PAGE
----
A dark cloud has befallen the coastal town of Swakopmund and the entire Namibian rugby fraternity following the sad passing of former national youth rugby backline Cedric Haraseb.
The latter tragically lost his precious life when the vehicle which he was travelling in overturned on the notorious B2 stretch linking Usakos to Arandis, killing him instantly on Tuesday, 5 July 2022. He was 32 years of age.
Though he comes from a prominently football-crazy family, young Cedric defied the clan’s old tradition and rather chose to chase the oval ball in preference to the beautiful game, a decision that ultimately paid off handsomely as he went on to become one of the finest talents to have ever emerged from that neck of the woods.
In today’s edition of your favourite weekly sport feature Tales of the Legends, profiling and delving into the lives, experiences and untold journeys of former athletes, present and posthumously, New Era Sport pays a dignified tribute to the young rugby icon. May his soul rest well.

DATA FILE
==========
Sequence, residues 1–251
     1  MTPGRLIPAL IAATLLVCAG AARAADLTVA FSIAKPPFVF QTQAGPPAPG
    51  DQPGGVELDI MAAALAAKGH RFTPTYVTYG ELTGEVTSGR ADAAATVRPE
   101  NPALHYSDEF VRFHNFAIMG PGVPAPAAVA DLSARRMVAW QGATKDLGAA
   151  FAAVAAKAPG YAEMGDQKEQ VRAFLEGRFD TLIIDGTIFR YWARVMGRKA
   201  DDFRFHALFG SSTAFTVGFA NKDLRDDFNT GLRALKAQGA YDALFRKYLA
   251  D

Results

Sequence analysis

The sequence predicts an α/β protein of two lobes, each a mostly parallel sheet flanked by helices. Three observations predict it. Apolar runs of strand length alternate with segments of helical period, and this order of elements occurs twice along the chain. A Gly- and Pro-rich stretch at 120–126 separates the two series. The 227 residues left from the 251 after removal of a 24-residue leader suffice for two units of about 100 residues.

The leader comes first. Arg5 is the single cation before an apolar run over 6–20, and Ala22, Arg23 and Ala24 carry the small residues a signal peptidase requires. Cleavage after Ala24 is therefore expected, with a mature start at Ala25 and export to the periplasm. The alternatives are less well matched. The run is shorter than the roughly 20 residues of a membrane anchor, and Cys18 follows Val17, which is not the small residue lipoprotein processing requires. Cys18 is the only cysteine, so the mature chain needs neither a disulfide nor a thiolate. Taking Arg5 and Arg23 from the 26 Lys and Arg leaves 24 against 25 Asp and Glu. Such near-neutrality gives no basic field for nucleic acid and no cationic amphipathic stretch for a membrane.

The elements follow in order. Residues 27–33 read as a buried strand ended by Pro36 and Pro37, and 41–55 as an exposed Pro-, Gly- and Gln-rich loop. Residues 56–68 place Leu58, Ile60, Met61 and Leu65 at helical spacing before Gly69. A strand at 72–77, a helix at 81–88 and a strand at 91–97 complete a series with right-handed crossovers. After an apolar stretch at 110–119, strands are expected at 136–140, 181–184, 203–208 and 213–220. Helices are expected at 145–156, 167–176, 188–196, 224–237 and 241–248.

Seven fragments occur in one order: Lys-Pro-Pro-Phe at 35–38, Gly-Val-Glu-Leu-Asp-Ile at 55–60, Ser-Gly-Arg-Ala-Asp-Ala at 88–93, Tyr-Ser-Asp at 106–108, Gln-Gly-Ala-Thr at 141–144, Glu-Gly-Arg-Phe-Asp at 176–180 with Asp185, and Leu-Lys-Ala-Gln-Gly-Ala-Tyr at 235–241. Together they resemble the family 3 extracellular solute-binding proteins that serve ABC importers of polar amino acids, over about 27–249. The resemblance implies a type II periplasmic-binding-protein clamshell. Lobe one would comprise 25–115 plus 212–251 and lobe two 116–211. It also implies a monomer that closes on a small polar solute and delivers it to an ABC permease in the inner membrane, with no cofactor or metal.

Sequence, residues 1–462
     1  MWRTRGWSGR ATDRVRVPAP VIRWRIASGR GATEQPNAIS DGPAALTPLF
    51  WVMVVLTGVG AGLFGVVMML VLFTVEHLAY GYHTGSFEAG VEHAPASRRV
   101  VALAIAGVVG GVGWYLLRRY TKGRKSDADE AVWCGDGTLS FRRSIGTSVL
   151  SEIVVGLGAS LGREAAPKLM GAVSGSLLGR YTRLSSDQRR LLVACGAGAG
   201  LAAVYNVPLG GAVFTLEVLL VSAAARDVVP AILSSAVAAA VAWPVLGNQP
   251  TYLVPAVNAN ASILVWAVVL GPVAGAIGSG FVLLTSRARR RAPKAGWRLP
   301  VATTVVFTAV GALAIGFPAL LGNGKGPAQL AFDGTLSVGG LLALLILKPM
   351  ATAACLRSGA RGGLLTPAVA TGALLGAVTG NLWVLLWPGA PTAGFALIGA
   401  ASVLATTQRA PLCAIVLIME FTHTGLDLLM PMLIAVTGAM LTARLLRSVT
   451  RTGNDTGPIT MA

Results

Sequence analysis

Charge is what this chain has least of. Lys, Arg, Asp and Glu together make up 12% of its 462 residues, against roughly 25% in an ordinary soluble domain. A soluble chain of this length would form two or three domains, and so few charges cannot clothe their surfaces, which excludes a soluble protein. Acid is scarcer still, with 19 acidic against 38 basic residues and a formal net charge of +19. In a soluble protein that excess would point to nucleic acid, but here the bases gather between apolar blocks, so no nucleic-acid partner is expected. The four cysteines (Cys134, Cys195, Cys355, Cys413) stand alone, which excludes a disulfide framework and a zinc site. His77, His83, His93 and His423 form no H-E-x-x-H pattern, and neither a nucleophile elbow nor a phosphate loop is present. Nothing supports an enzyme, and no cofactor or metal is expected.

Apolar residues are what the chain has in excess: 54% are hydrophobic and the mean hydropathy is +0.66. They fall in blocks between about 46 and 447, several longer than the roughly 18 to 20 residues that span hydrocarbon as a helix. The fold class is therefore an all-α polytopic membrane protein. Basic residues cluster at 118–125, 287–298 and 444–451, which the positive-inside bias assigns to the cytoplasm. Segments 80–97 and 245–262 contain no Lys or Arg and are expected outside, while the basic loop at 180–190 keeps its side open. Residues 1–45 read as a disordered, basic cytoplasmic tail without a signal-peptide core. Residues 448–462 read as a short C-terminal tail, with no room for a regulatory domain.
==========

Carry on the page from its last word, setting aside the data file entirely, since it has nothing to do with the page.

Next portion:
Born in Windhoek on 2 August 1989 and raised in Swakopmund, the late Cedric Dalton Haraseb was a former Namibian Craven Week backline, who was part of the national youth team at the IRB Junior World Championship Trophy tourney.
He also represented the strong Namibian Barbarians against the Welwitschias in 2017. Despite his fairly young age, the departed Haraseb played a significant part in the important role that sport played and helped to unify a previously split nation in the aftermath of divisiveness, systematically orchestrated by the notorious South African apartheid regime.
A proud product of Mondesa, a predominantly residential area specifically tailored to house native Bantus (blacks) back in the day, the young Haraseb changed the mindset of those with misplaced perceptions about black people invading a previously sacred sporting discipline which was reserved for the minority in its immediate surroundings.